Who are the most influential icons in contemporary African pop culture?
In September, I put out a request for nominations for a list of the 40 most powerful celebrities in contemporary Africa. Within three weeks, over 7,500 entries flooded in. This is the result of your choices. The debut list of The 40 Most Powerful Celebrities In Africa includes actors, cerebral authors, musicians, movie producers, supermodels, TV personalities and athletes, drawn from all across Africa and traverses the generational divide. Don’t be surprised to meet timeless artistic greats like Nigerian novelist Chinua Achebe (ranked No. 1) and Zimbabwe’s Oliver Mtukudzi listed alongside younger up-and-comers like famed Kenyan crooner Eric Wainaina, Ivorian soccer sensation Didier Drogba (No. 3) and Nigerian screen goddess Genevieve Nnaji. Perhaps not surprisingly, the list is dominated by musicians.
Determining the celebrities who exert the highest degree of influence in contemporary African pop culture involved sifting through the nominations for the individuals with the highest numbers of votes, and then measuring their media visibility (exposure in print, television, radio and online), number of web references on Google, TV/radio mentions and their general clout across the continent. Ideally, a robust social media presence would have been an invaluable yardstick in determining the intensity of influence these individuals exert over their enthusiasts. However, apart from Senegalese hip-hop act Akon, Nigerian beat maker Michael Collins A.K.A Don Jazzy and a handful of others who boast 6-figure followers on networks like Facebook and Twitter, an overwhelming number of Africa’s most influential celebrities have either a very small or non-existent social media presence.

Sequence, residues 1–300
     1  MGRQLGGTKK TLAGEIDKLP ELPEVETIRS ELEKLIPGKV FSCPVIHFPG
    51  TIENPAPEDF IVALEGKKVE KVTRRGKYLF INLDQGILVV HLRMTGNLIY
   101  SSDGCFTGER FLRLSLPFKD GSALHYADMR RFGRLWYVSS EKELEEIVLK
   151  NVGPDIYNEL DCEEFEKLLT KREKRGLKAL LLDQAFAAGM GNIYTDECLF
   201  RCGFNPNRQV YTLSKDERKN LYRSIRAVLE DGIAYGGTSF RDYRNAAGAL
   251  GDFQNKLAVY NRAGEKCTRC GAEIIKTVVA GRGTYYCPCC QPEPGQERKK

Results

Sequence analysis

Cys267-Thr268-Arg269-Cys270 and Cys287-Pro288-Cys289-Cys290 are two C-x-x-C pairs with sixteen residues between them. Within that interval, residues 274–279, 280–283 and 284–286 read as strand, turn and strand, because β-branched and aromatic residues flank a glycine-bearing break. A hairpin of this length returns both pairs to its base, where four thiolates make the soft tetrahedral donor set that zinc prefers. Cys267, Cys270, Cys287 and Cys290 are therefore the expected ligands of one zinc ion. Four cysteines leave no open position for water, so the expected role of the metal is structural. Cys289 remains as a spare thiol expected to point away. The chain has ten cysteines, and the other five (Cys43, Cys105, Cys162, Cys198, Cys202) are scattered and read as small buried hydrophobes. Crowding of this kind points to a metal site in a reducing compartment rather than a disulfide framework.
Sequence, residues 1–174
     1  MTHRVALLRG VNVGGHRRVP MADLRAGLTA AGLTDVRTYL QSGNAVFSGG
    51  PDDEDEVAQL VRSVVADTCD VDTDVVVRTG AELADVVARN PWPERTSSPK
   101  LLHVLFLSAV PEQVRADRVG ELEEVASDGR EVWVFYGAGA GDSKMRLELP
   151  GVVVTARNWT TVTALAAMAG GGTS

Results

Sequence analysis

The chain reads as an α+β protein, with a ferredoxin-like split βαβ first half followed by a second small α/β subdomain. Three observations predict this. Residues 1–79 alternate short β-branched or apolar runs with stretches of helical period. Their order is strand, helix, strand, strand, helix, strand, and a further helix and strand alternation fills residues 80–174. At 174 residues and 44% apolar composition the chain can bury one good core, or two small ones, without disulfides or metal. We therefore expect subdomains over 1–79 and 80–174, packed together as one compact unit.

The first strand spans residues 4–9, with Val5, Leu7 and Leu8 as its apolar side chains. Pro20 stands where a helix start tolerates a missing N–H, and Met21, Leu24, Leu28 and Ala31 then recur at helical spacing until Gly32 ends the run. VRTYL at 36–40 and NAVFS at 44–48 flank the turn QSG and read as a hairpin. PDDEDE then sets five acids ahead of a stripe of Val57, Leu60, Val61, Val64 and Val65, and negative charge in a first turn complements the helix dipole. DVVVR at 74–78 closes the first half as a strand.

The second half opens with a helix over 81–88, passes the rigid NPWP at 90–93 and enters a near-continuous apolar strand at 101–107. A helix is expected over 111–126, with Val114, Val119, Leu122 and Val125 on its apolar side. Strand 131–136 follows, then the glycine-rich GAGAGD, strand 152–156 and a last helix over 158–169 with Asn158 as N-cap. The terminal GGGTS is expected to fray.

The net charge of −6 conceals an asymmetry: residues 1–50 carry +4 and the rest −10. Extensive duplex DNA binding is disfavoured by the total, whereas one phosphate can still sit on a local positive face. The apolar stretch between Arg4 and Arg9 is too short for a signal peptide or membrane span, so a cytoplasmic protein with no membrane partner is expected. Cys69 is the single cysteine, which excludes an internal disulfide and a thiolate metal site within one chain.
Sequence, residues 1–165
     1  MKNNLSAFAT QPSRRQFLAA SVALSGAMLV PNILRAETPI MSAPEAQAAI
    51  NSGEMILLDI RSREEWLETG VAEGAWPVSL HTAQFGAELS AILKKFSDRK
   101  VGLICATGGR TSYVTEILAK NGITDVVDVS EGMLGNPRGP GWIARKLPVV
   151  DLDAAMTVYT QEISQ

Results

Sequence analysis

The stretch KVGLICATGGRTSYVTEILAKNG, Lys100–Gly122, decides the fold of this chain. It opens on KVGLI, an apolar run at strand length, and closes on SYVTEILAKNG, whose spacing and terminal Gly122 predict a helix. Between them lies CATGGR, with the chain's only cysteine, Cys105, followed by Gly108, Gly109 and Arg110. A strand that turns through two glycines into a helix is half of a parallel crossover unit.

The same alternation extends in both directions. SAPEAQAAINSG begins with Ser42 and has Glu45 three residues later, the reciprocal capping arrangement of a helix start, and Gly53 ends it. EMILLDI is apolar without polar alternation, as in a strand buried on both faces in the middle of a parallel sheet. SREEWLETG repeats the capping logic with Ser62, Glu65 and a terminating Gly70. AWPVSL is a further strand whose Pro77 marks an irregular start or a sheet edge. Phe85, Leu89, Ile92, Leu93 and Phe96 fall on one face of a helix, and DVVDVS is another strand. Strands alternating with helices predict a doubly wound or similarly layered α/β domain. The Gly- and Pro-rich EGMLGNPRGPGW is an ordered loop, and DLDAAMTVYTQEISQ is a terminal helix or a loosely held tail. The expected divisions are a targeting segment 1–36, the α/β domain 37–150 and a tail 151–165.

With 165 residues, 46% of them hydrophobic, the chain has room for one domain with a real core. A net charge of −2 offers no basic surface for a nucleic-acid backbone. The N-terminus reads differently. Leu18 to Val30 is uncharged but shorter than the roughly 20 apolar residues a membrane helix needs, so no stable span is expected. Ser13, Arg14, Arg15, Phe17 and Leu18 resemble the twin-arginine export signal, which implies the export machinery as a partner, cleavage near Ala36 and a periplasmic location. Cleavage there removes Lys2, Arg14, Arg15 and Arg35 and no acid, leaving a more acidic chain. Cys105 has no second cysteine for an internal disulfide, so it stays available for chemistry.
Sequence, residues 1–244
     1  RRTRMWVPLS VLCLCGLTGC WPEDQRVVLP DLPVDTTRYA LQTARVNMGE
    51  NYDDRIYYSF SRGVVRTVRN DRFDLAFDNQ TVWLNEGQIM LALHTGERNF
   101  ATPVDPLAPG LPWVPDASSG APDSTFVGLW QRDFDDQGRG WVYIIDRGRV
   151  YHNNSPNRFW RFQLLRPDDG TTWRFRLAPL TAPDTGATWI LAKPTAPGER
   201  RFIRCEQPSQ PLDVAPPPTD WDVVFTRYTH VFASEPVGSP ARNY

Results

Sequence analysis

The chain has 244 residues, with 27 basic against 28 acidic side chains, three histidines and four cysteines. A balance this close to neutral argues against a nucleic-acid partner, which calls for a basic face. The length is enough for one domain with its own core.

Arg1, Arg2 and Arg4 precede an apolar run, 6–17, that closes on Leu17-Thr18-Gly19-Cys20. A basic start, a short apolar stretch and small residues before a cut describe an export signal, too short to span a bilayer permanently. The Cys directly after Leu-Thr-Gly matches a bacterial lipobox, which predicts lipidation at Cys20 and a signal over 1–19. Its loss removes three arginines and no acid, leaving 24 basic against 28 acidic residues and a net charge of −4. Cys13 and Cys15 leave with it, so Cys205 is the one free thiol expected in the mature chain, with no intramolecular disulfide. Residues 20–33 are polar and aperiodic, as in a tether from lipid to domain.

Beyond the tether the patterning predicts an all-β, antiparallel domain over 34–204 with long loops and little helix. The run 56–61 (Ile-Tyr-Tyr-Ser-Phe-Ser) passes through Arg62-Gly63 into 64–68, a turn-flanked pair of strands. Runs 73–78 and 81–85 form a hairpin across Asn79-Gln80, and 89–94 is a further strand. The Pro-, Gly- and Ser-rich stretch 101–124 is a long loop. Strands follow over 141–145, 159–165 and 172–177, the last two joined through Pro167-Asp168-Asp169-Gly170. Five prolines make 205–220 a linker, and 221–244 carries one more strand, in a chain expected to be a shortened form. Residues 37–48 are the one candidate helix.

These days, Africa’s favorite idols harness the “currency of celebrity” to impact social change on many levels. Take Liya Kebede, for instance: The Ethiopian-born supermodel has leveraged on her celebrity status to raise awareness about maternal health issues. She currently serves as the World Health Organization’s Ambassador for Maternal, Newborn and child health. She also founded the Liya Kebede Foundation, which seeks to reduce maternal mortality rates in Ethiopia and around the world by funding advocacy, training and medical programs.
Ivorian soccer star Didier Drogba has also built on the cult-like following he enjoys at home to call for peace in his war-torn country. Cote D’Ivoire had been enduring a civil war since 2000. After he led the Ivorian national team to qualify for the 2006 World Cup, Drogba famously made a plea to the combatants, requesting that they drop their weapons in pursuit of peace. They listened. A few days later, there was a cease fire. Apart from playing a pivotal role in the peace process, Drogba also donated a $5 million endorsement fee he earned from Pepsi to construct a world-class hospital in his hometown of Abidjan.
A handful of celebrities on this list have done very little to support social causes, but make the list anyway because of the overwhelming number of votes they received and the immense acclaim they enjoy across the African continent and the world.
Here’s a serenade of Africa’s 40 most powerful pop icons. They are the greatest influencers on African pop culture and their ideas, skill and actions bring us gratification and inspire conversations.
Culled from Forbes Magazine.